Loss of signal power between points. In optical cables, attenuation is a ratio of input power vs. output power, measured in decibels per unit length, usually dB/km.
A high-speed transmission system used to connect relatively distant points. Backbone networks can be used to join autonomous networks within buildings or between different buildings.
Bandwidth of fiber is described in MHz per kilometer. As the length of fiber increases, the bandwidth decreases proportionally. For example, a fiber that can support a 500 MHz bandwidth at a distance of one kilometer will only be able to support 250 MHz at 2 kilometers and 100 MHz at 5 kilometers. Due to the way in which light passes through it, single-mode fiber has an inherently higher bandwidth than multimode fiber. Typical fiber bandwidth range from hundreds of MHz per km for multimode fibers to thousands of MHz per km for single-mode fibers.
The radius of curvature that an optical fiber cable can bend without causing harmful effects on the optical or mechanical performance of the cable.
Different wavelengths travel along an optical medium at different speeds. Wavelengths reach the end of the medium at different times, causing the light pulse to spread. This chromatic dispersion is expressed in picoseconds (of dispersion) per kilometer (of length) per nanometer (of source bandwidth). It is the sum of material and waveguide dispersion.
The layer of material, usually glass, that immediately surrounds the fiber core. The cladding is usually coated with another material to provide protection when handling.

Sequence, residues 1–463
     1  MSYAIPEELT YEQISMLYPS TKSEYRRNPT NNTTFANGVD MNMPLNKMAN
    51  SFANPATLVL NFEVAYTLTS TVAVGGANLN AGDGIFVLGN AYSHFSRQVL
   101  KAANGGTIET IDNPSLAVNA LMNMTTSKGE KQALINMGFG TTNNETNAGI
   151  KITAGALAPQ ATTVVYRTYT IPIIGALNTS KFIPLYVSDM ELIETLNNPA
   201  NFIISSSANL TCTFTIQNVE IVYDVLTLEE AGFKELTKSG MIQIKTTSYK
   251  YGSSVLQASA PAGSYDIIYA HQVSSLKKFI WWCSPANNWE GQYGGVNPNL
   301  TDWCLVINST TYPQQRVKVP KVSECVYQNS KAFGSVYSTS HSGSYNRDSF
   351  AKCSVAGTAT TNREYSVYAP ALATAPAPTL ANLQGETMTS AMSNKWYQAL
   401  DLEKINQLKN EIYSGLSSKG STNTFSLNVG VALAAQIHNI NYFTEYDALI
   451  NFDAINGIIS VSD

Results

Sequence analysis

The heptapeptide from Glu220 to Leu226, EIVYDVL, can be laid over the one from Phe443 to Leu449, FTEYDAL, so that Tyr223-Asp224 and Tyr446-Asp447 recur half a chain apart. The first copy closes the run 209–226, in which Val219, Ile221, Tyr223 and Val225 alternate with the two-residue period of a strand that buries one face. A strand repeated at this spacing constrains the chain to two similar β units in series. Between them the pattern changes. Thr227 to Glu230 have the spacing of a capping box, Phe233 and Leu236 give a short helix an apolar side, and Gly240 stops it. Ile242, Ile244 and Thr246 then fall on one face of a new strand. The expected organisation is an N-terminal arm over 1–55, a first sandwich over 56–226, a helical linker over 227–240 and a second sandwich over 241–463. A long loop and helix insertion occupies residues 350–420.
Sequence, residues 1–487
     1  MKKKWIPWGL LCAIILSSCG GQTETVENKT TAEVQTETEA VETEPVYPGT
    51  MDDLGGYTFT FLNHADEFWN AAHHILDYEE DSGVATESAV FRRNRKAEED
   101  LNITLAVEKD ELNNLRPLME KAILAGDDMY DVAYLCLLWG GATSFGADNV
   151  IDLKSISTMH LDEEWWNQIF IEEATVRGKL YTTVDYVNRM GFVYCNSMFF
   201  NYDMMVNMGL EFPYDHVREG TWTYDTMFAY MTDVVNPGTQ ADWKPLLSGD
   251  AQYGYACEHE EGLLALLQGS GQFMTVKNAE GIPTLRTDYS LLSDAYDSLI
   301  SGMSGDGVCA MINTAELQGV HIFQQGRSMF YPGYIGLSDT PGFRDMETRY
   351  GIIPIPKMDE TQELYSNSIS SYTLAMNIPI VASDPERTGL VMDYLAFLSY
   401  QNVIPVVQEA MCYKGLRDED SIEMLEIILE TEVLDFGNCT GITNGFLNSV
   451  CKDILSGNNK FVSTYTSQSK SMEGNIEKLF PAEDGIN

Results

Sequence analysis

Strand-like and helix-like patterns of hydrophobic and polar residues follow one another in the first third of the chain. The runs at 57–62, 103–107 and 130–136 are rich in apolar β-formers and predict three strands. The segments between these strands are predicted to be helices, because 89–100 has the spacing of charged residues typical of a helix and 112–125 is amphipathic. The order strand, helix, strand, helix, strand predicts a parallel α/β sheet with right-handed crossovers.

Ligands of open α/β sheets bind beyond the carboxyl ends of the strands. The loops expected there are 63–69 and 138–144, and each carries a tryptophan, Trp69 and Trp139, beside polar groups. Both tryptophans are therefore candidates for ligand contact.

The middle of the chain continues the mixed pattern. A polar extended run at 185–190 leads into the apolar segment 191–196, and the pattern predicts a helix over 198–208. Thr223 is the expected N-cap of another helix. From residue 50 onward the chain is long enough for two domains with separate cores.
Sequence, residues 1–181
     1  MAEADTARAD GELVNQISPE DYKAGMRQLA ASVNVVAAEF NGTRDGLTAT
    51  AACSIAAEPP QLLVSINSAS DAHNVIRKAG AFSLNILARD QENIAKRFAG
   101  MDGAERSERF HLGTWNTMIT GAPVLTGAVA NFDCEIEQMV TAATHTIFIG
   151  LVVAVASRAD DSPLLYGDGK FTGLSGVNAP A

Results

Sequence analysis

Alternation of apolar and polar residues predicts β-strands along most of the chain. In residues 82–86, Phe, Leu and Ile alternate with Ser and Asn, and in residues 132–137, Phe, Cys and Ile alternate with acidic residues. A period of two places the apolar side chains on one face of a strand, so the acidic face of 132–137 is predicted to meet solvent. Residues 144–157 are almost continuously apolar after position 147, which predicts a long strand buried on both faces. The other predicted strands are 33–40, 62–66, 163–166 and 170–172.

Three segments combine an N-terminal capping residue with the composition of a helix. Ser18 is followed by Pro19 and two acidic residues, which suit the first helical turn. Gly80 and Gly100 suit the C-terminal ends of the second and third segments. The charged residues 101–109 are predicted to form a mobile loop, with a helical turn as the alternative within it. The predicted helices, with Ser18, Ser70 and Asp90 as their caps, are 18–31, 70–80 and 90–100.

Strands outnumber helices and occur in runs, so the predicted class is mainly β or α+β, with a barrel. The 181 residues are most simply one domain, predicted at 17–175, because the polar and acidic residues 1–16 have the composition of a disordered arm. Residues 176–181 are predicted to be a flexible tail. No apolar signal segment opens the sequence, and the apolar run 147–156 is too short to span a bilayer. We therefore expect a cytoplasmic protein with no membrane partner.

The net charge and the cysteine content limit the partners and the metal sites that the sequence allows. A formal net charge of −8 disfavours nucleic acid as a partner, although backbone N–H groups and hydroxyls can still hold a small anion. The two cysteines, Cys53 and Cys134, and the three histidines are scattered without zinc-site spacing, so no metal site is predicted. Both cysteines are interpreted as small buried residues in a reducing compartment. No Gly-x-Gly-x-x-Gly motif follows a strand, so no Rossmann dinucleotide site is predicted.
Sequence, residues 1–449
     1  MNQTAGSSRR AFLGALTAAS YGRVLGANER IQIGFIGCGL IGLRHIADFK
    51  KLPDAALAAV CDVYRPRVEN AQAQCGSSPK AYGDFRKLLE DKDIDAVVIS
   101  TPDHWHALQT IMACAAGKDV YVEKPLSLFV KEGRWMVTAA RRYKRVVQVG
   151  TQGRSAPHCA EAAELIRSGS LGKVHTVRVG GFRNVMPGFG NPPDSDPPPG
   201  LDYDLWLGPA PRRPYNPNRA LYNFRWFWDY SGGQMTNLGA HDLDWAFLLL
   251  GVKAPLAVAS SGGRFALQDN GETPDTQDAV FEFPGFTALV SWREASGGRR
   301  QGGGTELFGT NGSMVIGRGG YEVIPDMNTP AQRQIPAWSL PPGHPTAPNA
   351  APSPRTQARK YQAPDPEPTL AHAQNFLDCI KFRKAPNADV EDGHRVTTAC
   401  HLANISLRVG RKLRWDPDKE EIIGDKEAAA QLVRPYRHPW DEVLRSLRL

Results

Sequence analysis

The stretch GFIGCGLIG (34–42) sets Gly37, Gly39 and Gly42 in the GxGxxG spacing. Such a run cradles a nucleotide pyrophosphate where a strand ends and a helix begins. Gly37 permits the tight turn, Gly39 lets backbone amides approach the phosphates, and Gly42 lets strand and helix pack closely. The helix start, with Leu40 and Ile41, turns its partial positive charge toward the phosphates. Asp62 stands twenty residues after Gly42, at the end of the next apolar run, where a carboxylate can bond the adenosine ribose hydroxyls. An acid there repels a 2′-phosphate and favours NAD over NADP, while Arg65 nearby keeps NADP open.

The central part of the glass construction through which light is transmitted.
The wavelength at which a single-mode fiber transmits a single mode of light.
Non-metallic. All-dielectric de-signs are inherently non-conductive; all-dielectric cables contain no metal and are lightning resistant.
A core refractive index profile that varies with the radius of the core.
The total acceptable loss for a given system from transmitter to receiver. Includes cables, splices and connectors.
Pulse dispersion due to the variations in a material’s refractive index as a function of wavelength.
Minute but sever bends in fiber that result in light displacement and increased loss. Most microbending can be avoided by the correct selection of materials and proper cabling, handling, and installation techniques.
A path of light through a fiber.
Mode Field Diameter
In single-mode fiber, the region in which light propagates is larger than the glass core diameter. This mode field diameter is a measured value and often listed as a requirement with core diameter in fiber specifications.
In fiber optics, the sine of half the angle over which a fiber can accept light, it is a function of the relationship between the refractive index of the core and that of the cladding.
Optical Time Domain Reflectometer (DTDR)
An instrument that measures transmission characteristics of fiber by sending a pulse of light down the fiber and measuring the light scattered across the length and reflected back from the end as a function of time. Used to measure attenuation, point discontinuities and fiber length, as well as to find breaks.
The ratio of the speed of light in a vacuum to the speed of light in a material. Also called Index of Refraction.
A refractive index profile characterized by a uniform refractive index within the core and a sharp decrease at the core-cladding interface.
Dispersion caused by the fact that light travels at different speeds in the core and cladding of single-mode fibers.
Zero Dispersion Wavelength
In single-mode fibers, the wavelength at which the effects of chromatic dispersion and waveguide dispersion are lowest, thus providing the greatest information carrying capacity.